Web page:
*The full article is available through this link. This article may be available free of charge to those with university credentials.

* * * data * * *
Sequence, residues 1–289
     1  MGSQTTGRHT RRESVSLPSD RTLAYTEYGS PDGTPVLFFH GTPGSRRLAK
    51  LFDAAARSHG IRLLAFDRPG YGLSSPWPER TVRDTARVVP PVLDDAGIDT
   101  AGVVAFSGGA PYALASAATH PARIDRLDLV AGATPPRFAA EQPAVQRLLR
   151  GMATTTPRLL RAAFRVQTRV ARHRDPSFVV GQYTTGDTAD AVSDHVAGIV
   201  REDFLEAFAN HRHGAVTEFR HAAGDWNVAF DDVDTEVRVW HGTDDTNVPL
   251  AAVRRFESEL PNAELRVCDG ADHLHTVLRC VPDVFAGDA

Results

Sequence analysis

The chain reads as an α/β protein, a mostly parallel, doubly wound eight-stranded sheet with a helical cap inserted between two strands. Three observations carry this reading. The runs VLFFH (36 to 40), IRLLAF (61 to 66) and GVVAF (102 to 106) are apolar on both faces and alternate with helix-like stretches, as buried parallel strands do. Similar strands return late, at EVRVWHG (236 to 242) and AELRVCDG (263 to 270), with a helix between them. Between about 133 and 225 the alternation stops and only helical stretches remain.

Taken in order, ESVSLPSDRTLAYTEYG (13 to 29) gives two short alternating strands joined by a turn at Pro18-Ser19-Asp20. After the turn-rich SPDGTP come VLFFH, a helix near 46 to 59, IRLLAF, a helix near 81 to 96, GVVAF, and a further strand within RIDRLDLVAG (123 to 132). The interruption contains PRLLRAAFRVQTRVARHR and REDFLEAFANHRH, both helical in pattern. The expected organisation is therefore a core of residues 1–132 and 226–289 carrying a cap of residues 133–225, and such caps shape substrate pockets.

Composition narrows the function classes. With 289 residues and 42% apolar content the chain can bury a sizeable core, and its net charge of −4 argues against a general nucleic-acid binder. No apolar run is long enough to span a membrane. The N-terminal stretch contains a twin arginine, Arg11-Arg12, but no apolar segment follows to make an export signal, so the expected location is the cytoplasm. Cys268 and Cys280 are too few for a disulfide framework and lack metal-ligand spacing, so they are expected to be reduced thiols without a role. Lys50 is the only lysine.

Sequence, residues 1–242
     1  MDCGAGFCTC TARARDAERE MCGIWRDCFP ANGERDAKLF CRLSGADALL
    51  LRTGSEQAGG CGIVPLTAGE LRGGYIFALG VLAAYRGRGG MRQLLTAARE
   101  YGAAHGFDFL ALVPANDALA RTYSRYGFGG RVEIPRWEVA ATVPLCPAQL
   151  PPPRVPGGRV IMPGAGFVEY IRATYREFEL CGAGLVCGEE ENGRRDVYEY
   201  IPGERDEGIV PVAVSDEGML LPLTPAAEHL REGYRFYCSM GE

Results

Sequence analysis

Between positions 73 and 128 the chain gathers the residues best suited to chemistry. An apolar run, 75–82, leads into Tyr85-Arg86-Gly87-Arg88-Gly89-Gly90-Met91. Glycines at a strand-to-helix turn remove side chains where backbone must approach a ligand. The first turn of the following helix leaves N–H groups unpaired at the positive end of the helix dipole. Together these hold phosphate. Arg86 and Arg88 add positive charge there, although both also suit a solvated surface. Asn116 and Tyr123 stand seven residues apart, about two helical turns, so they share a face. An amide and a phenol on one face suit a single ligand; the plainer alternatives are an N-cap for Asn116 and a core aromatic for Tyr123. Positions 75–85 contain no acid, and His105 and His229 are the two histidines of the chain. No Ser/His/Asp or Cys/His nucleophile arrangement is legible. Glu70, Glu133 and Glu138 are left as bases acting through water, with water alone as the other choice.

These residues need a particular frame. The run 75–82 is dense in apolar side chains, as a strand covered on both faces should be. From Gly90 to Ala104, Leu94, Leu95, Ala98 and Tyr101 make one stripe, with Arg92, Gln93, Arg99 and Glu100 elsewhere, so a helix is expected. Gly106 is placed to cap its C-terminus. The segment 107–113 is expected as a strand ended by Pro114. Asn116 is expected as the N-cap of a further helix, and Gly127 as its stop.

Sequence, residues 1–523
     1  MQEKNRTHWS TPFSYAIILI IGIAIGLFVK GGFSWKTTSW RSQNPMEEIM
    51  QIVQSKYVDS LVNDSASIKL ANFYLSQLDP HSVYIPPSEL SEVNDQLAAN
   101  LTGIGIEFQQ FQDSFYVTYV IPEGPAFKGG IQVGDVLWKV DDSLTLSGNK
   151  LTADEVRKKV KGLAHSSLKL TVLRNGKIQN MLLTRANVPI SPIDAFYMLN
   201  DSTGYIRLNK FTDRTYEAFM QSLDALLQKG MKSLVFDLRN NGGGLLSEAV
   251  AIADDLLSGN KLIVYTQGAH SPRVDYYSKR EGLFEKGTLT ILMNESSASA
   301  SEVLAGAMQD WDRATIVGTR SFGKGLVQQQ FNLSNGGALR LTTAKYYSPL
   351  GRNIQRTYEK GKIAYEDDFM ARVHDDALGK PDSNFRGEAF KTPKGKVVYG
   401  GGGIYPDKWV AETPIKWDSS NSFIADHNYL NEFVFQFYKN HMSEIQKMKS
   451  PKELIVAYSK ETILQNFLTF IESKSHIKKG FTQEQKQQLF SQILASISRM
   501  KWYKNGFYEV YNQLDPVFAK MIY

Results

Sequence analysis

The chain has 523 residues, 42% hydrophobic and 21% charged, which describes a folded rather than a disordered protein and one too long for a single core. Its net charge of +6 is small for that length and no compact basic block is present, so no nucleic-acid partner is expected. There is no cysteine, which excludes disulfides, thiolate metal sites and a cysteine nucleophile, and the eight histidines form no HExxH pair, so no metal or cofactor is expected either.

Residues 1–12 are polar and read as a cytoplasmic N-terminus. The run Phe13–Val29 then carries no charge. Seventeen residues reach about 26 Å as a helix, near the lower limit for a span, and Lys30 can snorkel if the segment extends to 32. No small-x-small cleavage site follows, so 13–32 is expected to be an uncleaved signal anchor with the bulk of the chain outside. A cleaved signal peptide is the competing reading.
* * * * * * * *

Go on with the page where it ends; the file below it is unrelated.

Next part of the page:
The effectiveness of a strengths-and community-based support and advocacy intervention for battered women and their children was examined. The study included a longitudinal, experimental design and employed multimethod strategies to measure children's exposure to abuse and their self-competence over a period of 8 months. Maternal experience of abuse and maternal well-being were also assessed. The experimental intervention involved advocacy for mothers and their children and a 10-week support and education group for the children. Families in the experimental condition received the free services of a trained paraprofessional for 6 to 8 hours per week over 16 weeks. Eighty mothers and their 80 children participated in the study. Findings were modest but promising. Children in the experimental condition reported significantly higher self-competence in several domains compared to children in the control group. The intervention caused improvement in women's depression and self-esteem over time. Policy, practice and research implications are discussed.